Kentucky Candle Factory Threatened to Fire Workers If They Left Before Tornado Hit

Kentucky Candle Factory Threatened to Fire Workers If They Left Before Tornado Hit

As a tornado approached Mayfield, KY, Friday night, workers at the Mayfield Consumer Products factory thought of leaving and heading to the safety of their homes.

However, supervisors at the factory threatened to fire workers if they left. NBC News reported as many as 15 employees asked managers to let them ride out the storm at home, only to have their requests denied—plus threatened with termination.

Some left anyway. Others, including Kyanna Parsons-Perez, didn’t. When the tornado caved in the roof of the factory, it killed eight people and left Parsons-Perez under five feet of debris.

Parsons-Perez, who has been working at the factory for just over a month, told Business Insider how “everything just collapsed on her” while she was working Friday night.

“I was suddenly stuck under a lot of debris,” Parsons-Perez said, adding that an emergency responder told her she was stuck under multiple feet of debris. “What really hurt was that my body was in a very awkward position, there was a water fountain on top of my legs. It had them pinned down.”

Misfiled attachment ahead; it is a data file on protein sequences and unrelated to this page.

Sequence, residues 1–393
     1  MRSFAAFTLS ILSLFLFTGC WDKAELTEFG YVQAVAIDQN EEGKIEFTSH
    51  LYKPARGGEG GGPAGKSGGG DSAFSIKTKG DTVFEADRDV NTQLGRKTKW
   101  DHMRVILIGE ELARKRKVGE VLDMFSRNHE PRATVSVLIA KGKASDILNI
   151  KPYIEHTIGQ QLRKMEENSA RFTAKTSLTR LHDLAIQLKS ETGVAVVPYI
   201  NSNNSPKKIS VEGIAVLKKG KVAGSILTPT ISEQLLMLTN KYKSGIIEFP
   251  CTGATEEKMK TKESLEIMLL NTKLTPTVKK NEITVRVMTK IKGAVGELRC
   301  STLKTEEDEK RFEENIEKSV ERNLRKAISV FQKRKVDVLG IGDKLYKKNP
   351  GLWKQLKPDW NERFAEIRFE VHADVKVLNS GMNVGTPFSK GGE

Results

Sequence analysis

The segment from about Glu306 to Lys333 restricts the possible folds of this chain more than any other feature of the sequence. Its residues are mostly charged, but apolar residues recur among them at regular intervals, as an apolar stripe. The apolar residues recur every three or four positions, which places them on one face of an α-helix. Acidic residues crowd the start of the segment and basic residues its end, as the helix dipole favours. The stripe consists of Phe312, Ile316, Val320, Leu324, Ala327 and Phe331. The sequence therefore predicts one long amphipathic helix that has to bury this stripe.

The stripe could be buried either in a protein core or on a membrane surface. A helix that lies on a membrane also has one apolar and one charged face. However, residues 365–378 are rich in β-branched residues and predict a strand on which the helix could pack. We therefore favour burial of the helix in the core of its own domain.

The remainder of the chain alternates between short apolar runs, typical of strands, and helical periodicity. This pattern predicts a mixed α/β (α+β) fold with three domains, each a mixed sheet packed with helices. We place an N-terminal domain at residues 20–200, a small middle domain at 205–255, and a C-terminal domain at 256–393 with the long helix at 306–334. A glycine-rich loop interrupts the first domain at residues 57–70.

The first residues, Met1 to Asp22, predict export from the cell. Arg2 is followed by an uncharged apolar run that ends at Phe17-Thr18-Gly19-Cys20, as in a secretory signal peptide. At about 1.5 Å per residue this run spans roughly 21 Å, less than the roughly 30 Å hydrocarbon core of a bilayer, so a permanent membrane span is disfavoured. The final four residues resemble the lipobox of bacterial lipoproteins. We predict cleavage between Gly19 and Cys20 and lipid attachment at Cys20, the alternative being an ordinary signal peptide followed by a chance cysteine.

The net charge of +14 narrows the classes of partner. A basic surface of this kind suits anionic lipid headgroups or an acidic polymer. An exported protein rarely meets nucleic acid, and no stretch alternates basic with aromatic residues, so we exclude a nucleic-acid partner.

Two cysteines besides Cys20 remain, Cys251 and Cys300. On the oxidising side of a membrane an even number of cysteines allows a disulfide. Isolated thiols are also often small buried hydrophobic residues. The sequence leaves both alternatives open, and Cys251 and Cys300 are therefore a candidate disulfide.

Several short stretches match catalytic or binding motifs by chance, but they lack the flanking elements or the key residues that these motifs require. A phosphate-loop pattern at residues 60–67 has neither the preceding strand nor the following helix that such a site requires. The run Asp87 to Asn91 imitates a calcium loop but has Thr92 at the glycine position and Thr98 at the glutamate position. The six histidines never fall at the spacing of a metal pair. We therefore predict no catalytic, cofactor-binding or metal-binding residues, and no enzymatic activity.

Parsons-Perez added the pain was so unbearable that after a while she couldn’t feel her legs and she began to panic. However, she tried to keep her composure for a coworker who lost consciousness.

According to Kentucky Governor Andy Beshear, several tornadoes hit the state resulting in 74 deaths. In addition to the Bluegrass state, tornadoes also hit Arkansas, Illinois, Indiana, Kentucky, Mississippi, Missouri, Ohio, and Tennessee.

McKayla Emery told NBC News from her hospital bed that workers began asking to leave around 5:30 p.m. when tornado alarms began ringing outside the factory. Emery added she decided to stay and earn overtime pay, but supervisors and team leaders told workers if they left it might jeopardize their careers.

“If you leave, you’re more than likely to be fired,” Emery overheard managers telling four workers standing near her who asked to leave. “I heard that with my own ears.”

Parsons-Perez also posted a video on Facebook with her in the dark trying to calm those around her while also trying to calm herself by focusing on her birthday which was Saturday. Parsons-Perez added she regrets going into work because her birthday was the next day and that her employer “knowing the weather,” should have cautioned workers to stay at home.

In addition to collapsing the roof of the factory, the tornado wrecked the cars in its parking lot and came at a time when holiday shopping was already difficult—prices are increasing for just about everything.